Focus on the Journey, Not the Destination

“Focus on the journey, not the destination. Joy is found not in

finishing an activity but in doing it.”

Greg Anderson

Inspirational Figure Skating- Enjoy the Journey Skate in the Woods-web

I just finished coaching at a skating camp for 2 weeks where I noticed the focus of an overwhelming amount of skaters was in the wrong direction.  Skating camps are an amazing opportunity to work with a variety of established and knowledgable coaches along with having the chance to train a few hours a day.  However; when the focus of the skaters is faced in the wrong direction, they aren’t gaining as much useful training and information as they could be.  

At the end of these camps there is usually a test session which can either be a blessing or a curse.  So many skaters focus purely on passing or not passing instead of focusing and learning whats at hand.  The same goes for learning jumps at these camps.  It is not about the end result.  It is learning how to do things properly which usually carries over to one more elements or tests.  If you focus purely on passing or not passing and don’t really pay attention to what the coach is telling you, you are really losing out.  Its like the quote, “Give a man a fish and he will eat for a day.  Teach a man to fish and he will eat for a lifetime.” It’s the same concept in skating.  The coaches may be able to get you through the test or the jumps, but they are trying to give you the tools to make your skating better. That you will be able to continue to improve and to take what they taught you at the camp and apply it afterwards when they aren’t there.

A test is a test.  Sometimes you do well and sometimes its just an off day.  Either way, it’s not the end of the world.  You have to wait 28 days before  you can test again and you are out a bit of money for the test fee, but other than that you can try again.  It is not like you only have 3 chances; you can try as many times as you want! Every time you pass or fail it is still a learning experience.  You get feedback from the judges each time on the test papers and many judges are very willing to discuss your test after if you would like further guidance.  Some skaters get so worked up about the test because they are focusing on the end result instead of how they are skating at that moment and what they need to focus on step by step.  Instead of positive keywords running through the skaters heads, it goes a little more something like “Don’t mess up.  I have to pass. I don’t want to fail.  I think I’m going to fail.  Just don’t mess up.  Don’t mess up.”  Those negative conatations usually end up the opposite of what you are saying in your head.  If you say don’t mess up, odds are you will mess up.  Its like saying, “Don’t think of a purple elephant.” What is the first thing you think of? A ridiculous purple elephant!  The skaters even get themselves worked up before the test, sometimes even the week before.  The test becomes a distraction and they get nervous and tense up.  When this happens, they can’t focus on what they are learning and they also can’t enjoy their practice time.  The whole reason we skate is because we love it.  So breathe, and enjoy the journey.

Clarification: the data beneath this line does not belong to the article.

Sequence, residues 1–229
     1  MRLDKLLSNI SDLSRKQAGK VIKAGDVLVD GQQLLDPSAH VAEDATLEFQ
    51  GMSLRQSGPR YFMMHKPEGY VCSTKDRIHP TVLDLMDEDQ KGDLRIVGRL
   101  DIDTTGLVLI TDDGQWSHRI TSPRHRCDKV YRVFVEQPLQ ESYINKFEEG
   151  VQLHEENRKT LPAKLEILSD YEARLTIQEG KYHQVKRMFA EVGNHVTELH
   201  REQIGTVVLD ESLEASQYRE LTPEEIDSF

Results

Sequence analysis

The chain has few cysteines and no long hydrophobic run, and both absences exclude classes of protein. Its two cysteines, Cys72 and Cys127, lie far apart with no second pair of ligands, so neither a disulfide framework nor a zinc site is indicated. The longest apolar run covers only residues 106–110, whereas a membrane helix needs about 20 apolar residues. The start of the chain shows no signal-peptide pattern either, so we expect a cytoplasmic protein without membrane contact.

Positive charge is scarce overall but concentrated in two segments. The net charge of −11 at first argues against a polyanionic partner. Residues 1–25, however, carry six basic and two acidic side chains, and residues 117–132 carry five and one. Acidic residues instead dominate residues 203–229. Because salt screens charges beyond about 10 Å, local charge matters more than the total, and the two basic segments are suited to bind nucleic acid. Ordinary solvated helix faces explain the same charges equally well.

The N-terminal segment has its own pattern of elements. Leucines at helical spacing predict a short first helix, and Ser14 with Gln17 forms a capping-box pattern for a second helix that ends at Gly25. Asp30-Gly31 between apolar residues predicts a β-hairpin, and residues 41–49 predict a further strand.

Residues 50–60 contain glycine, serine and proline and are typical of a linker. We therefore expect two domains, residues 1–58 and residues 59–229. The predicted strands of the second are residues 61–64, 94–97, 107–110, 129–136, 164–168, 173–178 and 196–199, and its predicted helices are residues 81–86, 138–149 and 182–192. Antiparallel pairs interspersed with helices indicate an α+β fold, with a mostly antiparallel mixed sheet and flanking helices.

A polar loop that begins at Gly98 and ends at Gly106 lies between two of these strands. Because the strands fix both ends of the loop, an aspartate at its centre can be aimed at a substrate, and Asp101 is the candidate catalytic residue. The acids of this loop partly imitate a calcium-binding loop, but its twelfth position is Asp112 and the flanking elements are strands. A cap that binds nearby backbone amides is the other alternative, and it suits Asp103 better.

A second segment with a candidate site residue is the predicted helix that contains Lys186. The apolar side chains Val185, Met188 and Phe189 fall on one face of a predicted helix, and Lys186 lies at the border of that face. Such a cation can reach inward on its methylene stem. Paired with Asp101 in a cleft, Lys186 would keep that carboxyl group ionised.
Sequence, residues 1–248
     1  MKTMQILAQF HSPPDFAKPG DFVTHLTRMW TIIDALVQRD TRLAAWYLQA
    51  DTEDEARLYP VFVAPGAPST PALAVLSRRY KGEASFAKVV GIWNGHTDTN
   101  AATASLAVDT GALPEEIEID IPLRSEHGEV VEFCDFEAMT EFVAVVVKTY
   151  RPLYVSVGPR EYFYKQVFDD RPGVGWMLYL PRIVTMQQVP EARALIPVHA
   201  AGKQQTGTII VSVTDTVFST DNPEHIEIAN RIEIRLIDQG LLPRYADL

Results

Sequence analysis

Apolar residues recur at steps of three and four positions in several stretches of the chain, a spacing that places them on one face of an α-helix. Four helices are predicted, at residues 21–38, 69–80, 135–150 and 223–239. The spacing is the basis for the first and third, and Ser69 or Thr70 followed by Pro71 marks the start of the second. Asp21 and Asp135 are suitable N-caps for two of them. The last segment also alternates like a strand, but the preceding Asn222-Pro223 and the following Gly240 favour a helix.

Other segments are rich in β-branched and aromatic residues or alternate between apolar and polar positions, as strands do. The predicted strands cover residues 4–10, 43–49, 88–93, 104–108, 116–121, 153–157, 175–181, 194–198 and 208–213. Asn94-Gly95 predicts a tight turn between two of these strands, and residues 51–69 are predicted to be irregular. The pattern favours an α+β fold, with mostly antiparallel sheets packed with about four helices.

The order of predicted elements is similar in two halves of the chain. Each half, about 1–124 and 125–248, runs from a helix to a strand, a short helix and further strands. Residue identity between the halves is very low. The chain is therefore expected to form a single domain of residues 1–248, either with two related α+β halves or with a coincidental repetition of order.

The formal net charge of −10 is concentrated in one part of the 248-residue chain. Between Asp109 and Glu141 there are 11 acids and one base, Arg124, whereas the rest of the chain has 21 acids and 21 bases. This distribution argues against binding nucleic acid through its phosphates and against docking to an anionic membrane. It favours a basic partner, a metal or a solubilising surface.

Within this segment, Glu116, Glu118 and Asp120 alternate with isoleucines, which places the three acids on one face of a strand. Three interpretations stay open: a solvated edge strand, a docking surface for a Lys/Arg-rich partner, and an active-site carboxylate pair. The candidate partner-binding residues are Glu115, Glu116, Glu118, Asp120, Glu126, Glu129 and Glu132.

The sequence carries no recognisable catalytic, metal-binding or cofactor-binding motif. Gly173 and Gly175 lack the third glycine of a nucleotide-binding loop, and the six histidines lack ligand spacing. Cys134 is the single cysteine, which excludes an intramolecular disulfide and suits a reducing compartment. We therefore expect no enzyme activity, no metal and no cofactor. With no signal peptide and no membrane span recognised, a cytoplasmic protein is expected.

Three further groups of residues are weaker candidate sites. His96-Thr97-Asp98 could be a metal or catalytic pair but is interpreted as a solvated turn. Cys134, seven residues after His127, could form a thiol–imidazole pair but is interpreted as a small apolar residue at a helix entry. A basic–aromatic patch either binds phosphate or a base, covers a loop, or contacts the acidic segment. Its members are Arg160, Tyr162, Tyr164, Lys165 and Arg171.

When skaters work with new coaches, they usually want to prove to them that they can land the jumps or do the spins.  Reality check: coaches don’t care.  That sounds harsh, but what I mean isWe would just rather see you fall with attempts at good technique, than to land the jumps with just throwing yourself up into the air and hoping for the best. I don’t mean that we don’t care about your safety or that we actually want you to fall.  Of course it would be nice and we would like you to land it, but we just want you to try your best and try to do it correctly.   There are countless skaters who have horrible technique and can maybe land 1 out of 15 of whatever jump they are working on.  Landing only 1 random one here and there is not what the coaches are striving for.  We want to give you the technique to land them consistently and correctly even if that change doesn’t happen during the camp.  Breaking bad habits and learning good ones takes time.  We don’t expect the skaters to land it the day we change something.  If we see that they are understanding what we are explaining and they have a few attempts in the right direction, we know they are on the right path and it will only be a matter of time before it is consistent.

I used to be guilty of the nerves.  Not so much for tests, but for competitions and definitely when it came time to working with different coaches.  I wanted to prove I could perform whatever we were working on.  I lost out on so much great coaching at the time because I was too focused on the end result instead of learning.   During my Senior year in high school at one of the camps, I had a coach that told me something that finally “clicked.”  He gave me a little pep talk similar to enjoying the journey and then he said to “live in the moment.”  It was a like a light bulb going off.  From that day forwards I started to focus on what I was doing at that present moment.  Not if I was going to land the jump, or what was coming next in the program.  I focused purely on what I was doing in that moment and it changed my skating (for the better) from that moment on.

Skating is  long and difficult road, but the scenic route that is being traveled is breathtaking.  Enjoy the journey, even if there are a few pot holes along the way.

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